Lastly, for a different perspective on the impact of the temporary air quality control policies, I wanted to show API data over a much longer time period. The following graph shows daily API readings from the beginning of 2006 to today:

api 2006  to 9 20

I find this graph fascinating (granted, I’m an engineer). Two key observations jump out at me: first, the average API during the Olympic period is clearly lower than any previous periods of comparable length. Second, perhaps more interestingly, the extreme variability has been reduced tremendously; specifically, Beijing succeeded in prevented any severe spikes in air pollution that were so common in previous periods.

Which, of course, leaves me wondering: how long before we see another one of those dreaded spikes?

paralympics air quality update – 9/6 API missing

Tuesday, September 9th, 2008

The last time I presented daily API data was on August 24th, the final day of the Olympics. With the Paralympics now underway, I figure it’s time to take another detailed look at the air quality status.

Since 7/20, the day the odd/even car ban and other temporary air quality control policies went into effect, the graph of daily API values is as follows:

api 7 20  to 9 20

A couple of things worth noting:

1) Though the API was below the target cut-off of 100 for the entire Olympic period, between the Olympics and Paralympics we saw one day, 8/29, in which the API shot up to 110.

2) The API data for 9/6 is conspicuously missing. (As always, my source for API data is the query at the bottom of MEP’s air quality page.) Does anyone out there have this data point, perhaps from the Beijing EPB? I seem to remember that day – the day of the Paralympic opening ceremony – being particularly hazy, but I didn’t check the data then. Missing data is always concerning, of course, but especially here.

Still, though, the results for overall air quality since 7/20 are remarkable. The average API from 7/20-9/9 of this year is 63; during the same period last year the average was 89.

Lastly, the weather has seemed quite strange recently here in Beijing; over the last few days I’ve seen two of the heaviest thunderstorms I can remember in China. Anyone agree?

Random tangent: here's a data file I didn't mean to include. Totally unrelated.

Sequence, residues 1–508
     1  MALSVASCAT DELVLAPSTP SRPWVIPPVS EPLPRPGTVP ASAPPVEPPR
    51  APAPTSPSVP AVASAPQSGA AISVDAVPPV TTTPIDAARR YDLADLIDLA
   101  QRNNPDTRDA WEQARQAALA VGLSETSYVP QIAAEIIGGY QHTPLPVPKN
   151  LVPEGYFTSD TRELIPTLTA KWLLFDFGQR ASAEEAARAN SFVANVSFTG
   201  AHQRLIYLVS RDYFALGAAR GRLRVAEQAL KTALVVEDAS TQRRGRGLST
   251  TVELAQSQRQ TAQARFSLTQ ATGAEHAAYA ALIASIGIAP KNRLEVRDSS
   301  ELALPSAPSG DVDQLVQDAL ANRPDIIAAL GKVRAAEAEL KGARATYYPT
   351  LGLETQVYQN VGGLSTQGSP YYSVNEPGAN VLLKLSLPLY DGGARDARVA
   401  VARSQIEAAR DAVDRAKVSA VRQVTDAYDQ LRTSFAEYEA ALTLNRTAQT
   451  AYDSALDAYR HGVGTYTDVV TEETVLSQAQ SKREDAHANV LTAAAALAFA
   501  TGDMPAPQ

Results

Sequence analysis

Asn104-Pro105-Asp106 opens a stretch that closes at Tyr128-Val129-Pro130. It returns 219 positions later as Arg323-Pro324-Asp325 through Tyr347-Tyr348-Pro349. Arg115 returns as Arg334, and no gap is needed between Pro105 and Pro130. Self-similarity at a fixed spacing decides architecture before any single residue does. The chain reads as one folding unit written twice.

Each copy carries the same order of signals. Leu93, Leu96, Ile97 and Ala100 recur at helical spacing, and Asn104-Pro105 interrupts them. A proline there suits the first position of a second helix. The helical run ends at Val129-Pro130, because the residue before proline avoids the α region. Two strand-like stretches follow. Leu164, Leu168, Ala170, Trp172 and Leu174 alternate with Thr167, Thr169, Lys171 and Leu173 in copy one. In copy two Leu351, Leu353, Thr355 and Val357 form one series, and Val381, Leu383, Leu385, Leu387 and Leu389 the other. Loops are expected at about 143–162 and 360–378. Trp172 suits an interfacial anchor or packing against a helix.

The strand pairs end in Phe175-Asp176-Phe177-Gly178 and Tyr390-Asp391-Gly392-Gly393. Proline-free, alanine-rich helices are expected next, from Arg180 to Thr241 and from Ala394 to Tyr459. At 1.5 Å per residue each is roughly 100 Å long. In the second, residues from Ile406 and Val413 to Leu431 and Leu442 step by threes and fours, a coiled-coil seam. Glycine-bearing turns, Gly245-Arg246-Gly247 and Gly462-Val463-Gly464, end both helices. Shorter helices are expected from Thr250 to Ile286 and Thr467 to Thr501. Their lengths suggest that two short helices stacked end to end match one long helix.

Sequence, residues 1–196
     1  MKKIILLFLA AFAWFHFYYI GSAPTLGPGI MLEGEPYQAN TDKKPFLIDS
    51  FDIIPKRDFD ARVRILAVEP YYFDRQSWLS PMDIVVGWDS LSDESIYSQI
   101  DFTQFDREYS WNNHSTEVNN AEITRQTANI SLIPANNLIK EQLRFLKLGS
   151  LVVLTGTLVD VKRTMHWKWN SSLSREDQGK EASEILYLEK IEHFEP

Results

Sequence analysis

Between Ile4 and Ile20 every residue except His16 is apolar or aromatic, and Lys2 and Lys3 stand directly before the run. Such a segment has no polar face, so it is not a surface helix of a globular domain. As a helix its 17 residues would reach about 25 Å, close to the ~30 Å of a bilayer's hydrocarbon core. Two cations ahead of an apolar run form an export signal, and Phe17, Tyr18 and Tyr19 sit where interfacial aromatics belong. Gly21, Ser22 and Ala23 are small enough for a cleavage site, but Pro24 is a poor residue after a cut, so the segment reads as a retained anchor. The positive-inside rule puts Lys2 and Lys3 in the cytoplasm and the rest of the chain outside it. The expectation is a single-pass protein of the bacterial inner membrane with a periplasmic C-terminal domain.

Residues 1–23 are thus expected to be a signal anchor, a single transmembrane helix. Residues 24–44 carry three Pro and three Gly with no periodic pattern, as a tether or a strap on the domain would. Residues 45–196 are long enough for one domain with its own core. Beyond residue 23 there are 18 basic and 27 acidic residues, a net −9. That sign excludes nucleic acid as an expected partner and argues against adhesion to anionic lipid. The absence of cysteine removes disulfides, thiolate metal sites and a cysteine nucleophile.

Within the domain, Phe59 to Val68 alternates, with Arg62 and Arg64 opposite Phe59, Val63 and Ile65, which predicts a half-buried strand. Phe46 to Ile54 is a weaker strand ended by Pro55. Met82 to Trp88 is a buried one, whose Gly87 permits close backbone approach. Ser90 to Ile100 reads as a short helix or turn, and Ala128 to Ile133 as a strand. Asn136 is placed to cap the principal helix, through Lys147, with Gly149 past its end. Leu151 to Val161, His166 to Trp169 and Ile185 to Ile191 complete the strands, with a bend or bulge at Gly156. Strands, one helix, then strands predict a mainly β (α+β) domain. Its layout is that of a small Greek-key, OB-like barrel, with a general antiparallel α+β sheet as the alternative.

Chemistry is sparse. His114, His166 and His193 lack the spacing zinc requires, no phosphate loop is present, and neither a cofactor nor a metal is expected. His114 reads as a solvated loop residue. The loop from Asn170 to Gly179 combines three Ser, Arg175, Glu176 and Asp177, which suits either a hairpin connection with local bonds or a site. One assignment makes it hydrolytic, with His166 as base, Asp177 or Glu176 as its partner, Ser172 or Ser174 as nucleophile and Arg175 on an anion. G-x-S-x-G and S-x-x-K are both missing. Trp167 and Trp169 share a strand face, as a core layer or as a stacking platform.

paralympics underway!

Monday, September 8th, 2008


Last Saturday night, the Paralympics began here in Beijing with a gorgeous and moving opening ceremony. Apparently you can watch it online here, though I can’t seem to get the site to work from within China.

One of the most powerful moments of the ceremony was the lighting of the torch (which, by the way, it’s nice to see blazing again!). Three-time high jump gold medalist Hou Bin hoisted himself, his wheelchair, and the torch by pulley from the floor of the stadium all the way up to the base of the cauldron.

hou bin

It took him over three minutes to reach the top, and you could clearly see the strain on his face as he struggled to continue, even pausing occasionally to rest. It was an incredibly powerful symbol both of the struggle faced by so many people with disabilities as well as the ability to succeed and overcome those struggles through perseverance.

Here’s the video on YouTube:

Photo credits: 1) Reuters/David Gray via NYT; 2) Xinhua.

what will happen on september 21st?

Thursday, September 4th, 2008

In my last post, I described how international media and conversation about Beijing’s air largely went silent starting around the second week of the Olympics. However, local conversation here in Beijing has been anything but quiet. If anything, just as foreigners began to lose interest in the seeming non-story of Beijing’s lack of air pollution, the local buzz about the improved air quality was just starting to gain momentum.

First, a little background: in August, 2008, Beijing had the cleanest air in 10 years, with the “density of major pollutants cut by 45%” during the month. The data is in and the results (and the air) are clear – the temporary measures to reduce air pollution in Beijing worked.